MONDAY, Oct. 11 (HealthDay News) -- Pre-teens who spent more than two hours a day in front of the TV or computer were at greater risk of having psychological problems than youngsters averaging less screen time, even if the kids also tended to be physically active, new research finds.
The study, published online Oct. 11 and in the November print issue of Pediatrics, found that the risk of psychological difficulties increased by about 60 percent when kids between 10 and 11 years old spent more than two hours daily watching TV or playing on the computer.
"Children who spent more than two hours per day watching television or using a computer were at increased risk of high levels of psychological difficulties," regardless of how physically active they were, study lead author Angie Page, from the Centre for Exercise, Nutrition and Health Sciences at the University of Bristol in England, and colleagues found.
Still, the experts stressed that the study can't discern whether media exposure causes psychological woes in kids, or whether troubled children simply prefer spending time in front of computers or the TV.
Previous studies have linked excessive TV viewing with childhood obesity, and both TV and computer use have been associated with psychological problems and an increase in sedentary time, according to background information in the study.
Page said the researchers decided to undertake this study because while it's known that physical activity is good for both physical and mental health in children, it wasn't clear if high physical activity levels could compensate for the adverse effects associated with high TV and computer use.
The study included more than 1,000 children between the ages of 10 and 11. The youngsters were recruited from 23 schools in Bristol, and all of the children self-reported their TV and computer use.
The researchers had all of the children complete a Strengths and Difficulties questionnaire, which is designed to measure psychological difficulties, such as hyperactivity, inattention, social problems and conduct issues.
"The difficulties measured by this questionnaire are not subtle things," noted Dr. Alan Mendelsohn, an associate professor of pediatrics at the New York University School of Medicine in New York City. "These are big-deal issues, like hyperactivity, difficulty with peers and friends, poor conduct and antisocial kinds of behaviors."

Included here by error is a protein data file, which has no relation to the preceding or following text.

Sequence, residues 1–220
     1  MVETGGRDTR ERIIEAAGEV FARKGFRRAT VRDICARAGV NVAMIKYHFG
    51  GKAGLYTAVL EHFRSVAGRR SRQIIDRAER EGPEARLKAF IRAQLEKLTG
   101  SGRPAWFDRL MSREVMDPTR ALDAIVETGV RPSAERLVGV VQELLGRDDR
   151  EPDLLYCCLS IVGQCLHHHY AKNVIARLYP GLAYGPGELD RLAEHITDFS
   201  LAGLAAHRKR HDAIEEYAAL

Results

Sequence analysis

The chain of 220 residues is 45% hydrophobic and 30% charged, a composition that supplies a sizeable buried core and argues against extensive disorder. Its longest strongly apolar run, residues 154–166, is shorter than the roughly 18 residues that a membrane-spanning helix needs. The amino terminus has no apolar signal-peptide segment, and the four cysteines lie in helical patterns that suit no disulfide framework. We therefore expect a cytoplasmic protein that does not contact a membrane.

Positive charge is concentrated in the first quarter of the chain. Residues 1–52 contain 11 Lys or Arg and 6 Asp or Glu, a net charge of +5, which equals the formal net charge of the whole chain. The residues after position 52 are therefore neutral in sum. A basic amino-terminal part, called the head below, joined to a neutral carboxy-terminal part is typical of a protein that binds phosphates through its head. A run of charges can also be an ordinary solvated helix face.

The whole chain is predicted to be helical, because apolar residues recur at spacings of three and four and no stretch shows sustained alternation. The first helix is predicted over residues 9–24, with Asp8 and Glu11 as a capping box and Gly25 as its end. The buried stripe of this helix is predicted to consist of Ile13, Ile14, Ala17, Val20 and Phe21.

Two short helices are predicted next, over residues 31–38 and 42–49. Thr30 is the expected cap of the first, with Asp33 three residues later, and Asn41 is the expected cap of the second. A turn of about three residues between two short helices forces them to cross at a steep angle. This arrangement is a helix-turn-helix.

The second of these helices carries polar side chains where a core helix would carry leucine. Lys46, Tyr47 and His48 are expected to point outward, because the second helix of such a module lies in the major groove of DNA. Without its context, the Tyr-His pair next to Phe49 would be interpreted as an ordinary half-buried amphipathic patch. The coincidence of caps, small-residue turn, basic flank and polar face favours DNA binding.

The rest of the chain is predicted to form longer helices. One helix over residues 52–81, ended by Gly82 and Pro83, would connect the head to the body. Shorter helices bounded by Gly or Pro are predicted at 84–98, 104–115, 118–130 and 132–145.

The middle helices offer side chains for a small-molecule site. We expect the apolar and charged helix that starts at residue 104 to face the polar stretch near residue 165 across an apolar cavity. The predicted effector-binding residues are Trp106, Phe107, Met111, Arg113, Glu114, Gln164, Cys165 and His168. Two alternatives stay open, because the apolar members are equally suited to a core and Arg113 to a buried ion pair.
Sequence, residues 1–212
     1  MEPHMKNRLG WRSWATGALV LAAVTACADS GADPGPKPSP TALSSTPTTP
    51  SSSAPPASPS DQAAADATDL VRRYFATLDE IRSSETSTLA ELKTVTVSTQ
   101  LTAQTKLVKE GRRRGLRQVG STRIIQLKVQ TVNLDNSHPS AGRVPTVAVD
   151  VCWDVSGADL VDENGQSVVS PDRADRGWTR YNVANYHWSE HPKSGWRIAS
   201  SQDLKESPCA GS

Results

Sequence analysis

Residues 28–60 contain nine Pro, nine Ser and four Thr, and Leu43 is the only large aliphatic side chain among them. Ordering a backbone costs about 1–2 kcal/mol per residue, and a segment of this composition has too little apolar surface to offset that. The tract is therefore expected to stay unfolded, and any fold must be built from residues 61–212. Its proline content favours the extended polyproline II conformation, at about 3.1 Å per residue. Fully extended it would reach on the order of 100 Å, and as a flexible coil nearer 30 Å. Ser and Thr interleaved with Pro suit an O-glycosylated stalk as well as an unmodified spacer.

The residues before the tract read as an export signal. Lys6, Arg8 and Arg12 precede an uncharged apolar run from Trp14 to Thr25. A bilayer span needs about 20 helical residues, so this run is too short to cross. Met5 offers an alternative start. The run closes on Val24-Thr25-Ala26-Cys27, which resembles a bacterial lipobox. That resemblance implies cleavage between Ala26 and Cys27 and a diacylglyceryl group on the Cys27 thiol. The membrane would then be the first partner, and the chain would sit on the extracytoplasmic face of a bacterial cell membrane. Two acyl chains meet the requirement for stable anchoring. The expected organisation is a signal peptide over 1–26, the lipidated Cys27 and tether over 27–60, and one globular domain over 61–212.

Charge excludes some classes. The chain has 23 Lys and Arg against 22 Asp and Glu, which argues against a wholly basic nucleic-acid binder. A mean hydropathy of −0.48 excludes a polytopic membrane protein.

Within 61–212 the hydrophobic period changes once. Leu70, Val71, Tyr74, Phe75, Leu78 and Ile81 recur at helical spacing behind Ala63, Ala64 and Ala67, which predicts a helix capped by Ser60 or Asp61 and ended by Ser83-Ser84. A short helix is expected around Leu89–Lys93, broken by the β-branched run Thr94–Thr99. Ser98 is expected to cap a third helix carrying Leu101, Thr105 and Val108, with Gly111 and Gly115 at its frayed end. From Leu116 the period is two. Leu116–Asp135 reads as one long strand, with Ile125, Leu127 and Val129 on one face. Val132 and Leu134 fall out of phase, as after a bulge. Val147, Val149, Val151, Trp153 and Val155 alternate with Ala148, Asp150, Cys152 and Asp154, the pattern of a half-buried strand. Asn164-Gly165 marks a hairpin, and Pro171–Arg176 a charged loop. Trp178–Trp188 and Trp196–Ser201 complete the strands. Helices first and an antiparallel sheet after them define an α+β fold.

Overall, most children reported spending between an hour or two a day on TV and computer use for entertainment. On average, boys were moderately to vigorously active for an average of 83 minutes per day, versus 63 minutes for girls, according to the study.
The study found that children who spent more than two hours a day watching television or using a computer were more likely to have reported psychological difficulties than children who spent less time in front an electronic screen. Kids who watched more than two hours of TV a day had a 61 percent increased risk of psychological difficulties, while those who spent more than two hours on a computer were 59 percent more likely to have psychological difficulties.
When children weren't very active throughout the day, the risk of psychological difficulties went up even more. The risk of psychological problems for sedentary children who watched more than two hours of TV was 70 percent, and for those who spent more than two hours on the computer, the odds were increased 81 percent.
Surprisingly, being highly physically active didn't offer much protection against psychological difficulties if children already clocked more than two hours of screen time each day. The risk of psychological difficulties was still increased by about 50 percent for the highly active group when they spent more than two hours watching TV or using the computer, according to the study.
"For parents, the key take-away is that TV and computer use may interfere with children's emotional well-being," said Mendelsohn.
However, he noted that the study wasn't designed to tease out whether there is a cause-and-effect relationship between screen time and psychological problems, or if troubled youngsters are simply more likely to spend more time with TV and computers.
"We don't know if it's the psychological problems that cause kids to become withdrawn, or if there's something harmful to TV and computer use," said Carolyn Landis, a licensed clinical psychologist and an associated professor of pediatrics at Rainbow Babies and Children's Hospital in Cleveland.
"But, if your child wants to spend more than two hours a day -- not including homework -- on the computer, I would consider that a potential red flag that something might be wrong. Kids might be depressed and are saving themselves from face-to-face interactions by using the computer," said Landis.
"It's also important to know that you can have a really active, athletic child, but it's still not OK for them to spend three hours a day on the computer," she said.
Read more about the benefits of limiting screen time from the American Academy of Pediatrics.
SOURCES: Carolyn Landis, Ph.D., licensed clinical psychologist, associate professor of pediatrics, Rainbow Babies and Children's Hospital, Cleveland; Alan Mendelsohn, M.D., associate professor of pediatrics, New York University School of Medicine, New York City; Oct. 11, 2010, Pediatrics, online
All rights reserved